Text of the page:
If it were me in the same position, the first thing I would do is hook up an
air hose, pull the plug wires (don't mix them up, label them in case you
think you'll forget) and clean the dirt around the plugs. Here is where I
would remove one of the spark plugs and make sure it is the correct part for
that truck. If someone had put the wrong plug in that truck and it was just
1/4" longer than the original, the engine would not turn over. Even if just
one of the plugs were longer than the other, there is a possibility the
engine would not complete a stroke. Next, I would take a telesoping magnet
and fish around inside the cylinder bore for any foreign matter. Could be a
screw, nut or bolt stopping the piston from completing it's cycle, that is
small enough to remove through the plug hole.
If you check them all and come up with nothing, then I would start removing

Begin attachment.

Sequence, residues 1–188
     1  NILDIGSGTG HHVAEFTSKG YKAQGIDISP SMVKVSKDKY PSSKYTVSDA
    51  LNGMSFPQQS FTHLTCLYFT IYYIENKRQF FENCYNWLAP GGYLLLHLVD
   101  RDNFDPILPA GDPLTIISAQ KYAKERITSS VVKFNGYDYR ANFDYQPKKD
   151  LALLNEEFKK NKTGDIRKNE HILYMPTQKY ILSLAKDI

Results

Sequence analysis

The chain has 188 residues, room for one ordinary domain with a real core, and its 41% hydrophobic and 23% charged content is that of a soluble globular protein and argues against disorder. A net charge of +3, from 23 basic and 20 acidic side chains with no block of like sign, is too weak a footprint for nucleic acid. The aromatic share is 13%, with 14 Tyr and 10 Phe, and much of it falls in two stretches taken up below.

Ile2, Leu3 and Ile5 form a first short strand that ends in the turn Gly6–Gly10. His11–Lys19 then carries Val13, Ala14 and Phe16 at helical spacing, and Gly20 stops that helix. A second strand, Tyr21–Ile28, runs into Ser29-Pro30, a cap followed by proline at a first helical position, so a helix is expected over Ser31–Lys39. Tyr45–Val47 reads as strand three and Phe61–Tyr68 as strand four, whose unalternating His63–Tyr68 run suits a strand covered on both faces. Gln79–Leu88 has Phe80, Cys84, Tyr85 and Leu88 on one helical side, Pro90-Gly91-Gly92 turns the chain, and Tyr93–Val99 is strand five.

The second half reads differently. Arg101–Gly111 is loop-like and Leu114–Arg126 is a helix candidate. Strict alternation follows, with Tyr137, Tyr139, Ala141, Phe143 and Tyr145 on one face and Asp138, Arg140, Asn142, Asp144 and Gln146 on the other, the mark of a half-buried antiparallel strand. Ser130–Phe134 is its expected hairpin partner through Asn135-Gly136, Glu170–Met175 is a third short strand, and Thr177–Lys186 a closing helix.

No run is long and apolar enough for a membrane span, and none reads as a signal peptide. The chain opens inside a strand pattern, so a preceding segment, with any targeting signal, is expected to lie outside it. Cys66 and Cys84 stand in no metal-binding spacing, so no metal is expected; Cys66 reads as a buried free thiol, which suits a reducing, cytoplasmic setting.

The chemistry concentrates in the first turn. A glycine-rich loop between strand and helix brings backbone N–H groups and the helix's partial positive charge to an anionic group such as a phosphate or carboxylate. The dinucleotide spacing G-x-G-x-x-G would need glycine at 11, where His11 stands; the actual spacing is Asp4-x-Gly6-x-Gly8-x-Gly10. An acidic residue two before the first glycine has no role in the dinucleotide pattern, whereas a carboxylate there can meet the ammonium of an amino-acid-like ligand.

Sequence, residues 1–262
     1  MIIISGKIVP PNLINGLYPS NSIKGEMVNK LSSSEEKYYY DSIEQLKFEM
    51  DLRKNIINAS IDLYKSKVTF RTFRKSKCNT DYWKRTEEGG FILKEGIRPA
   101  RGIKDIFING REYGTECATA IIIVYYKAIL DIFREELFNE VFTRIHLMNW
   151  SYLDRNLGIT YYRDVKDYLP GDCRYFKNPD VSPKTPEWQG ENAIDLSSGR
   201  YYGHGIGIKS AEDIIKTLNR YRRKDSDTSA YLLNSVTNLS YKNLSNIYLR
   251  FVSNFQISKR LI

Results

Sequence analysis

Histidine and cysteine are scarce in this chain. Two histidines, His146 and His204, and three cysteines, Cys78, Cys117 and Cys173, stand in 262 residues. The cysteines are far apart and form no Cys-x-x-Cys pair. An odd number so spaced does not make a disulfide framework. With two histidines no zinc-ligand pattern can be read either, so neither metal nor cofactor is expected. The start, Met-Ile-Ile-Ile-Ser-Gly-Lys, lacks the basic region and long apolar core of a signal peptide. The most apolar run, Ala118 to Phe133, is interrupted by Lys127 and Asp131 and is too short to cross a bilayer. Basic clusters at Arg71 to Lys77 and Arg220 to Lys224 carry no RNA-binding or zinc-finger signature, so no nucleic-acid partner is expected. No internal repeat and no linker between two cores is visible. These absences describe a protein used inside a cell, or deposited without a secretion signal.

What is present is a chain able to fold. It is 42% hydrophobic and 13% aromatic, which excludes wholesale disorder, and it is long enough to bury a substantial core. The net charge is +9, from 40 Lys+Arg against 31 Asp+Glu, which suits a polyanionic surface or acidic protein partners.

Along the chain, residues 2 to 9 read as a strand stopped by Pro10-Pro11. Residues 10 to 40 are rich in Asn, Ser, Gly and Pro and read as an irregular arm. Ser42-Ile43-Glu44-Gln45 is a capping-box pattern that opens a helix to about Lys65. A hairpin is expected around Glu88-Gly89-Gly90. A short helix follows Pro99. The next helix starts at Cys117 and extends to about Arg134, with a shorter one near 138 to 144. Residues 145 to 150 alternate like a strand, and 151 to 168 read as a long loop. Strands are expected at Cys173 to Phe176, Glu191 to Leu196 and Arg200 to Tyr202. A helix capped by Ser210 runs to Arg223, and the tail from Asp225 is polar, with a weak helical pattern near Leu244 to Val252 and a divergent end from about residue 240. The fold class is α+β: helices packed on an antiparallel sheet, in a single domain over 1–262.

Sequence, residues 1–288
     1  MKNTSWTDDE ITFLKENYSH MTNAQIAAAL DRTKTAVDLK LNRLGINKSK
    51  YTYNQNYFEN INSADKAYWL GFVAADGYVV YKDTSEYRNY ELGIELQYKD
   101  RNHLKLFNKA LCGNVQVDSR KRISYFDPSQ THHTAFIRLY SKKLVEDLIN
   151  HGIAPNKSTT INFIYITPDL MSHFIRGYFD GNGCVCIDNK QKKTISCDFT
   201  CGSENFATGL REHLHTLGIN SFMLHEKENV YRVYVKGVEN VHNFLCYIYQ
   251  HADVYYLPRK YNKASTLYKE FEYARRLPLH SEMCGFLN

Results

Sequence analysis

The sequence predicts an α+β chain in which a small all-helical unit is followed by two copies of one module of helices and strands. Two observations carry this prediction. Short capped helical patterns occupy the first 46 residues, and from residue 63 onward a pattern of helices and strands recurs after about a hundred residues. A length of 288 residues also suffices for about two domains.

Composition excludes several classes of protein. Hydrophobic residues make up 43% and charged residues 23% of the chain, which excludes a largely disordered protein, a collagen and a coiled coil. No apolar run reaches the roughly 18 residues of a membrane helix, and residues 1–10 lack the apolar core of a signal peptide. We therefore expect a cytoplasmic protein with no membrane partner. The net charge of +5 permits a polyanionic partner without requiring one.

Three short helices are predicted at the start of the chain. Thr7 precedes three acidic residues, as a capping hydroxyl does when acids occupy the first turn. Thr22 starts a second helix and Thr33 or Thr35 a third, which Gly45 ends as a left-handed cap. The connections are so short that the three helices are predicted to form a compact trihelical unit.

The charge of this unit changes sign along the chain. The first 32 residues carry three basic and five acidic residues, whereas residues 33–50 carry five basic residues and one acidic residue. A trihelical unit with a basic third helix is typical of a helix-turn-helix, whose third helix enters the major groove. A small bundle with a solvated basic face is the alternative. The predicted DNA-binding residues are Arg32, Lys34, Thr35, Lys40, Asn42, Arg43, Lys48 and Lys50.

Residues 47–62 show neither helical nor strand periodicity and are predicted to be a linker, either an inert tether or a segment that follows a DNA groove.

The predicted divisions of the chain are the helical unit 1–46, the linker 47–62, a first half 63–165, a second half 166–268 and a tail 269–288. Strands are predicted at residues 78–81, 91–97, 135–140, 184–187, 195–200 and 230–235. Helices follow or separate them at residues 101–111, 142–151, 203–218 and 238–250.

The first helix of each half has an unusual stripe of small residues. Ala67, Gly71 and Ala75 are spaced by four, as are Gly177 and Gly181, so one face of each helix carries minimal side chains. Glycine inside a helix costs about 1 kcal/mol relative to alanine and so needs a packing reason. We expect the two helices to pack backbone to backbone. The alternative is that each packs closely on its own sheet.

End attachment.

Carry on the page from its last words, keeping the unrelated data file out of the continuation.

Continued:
the valve covers and work my way to the heads.
BTW, was the engine you are swapping into the truck known to be running
before it was removed from its original vehicle? Were you able to start it
up and hear it running? What I'm getting at is that if you know the engine
were running beforehand, then you can pretty much check off some of the
obvious items such as seized water pump, broken or jammed timing chain, etc.
Otherwise, for all you know, the engine may have been toast before you even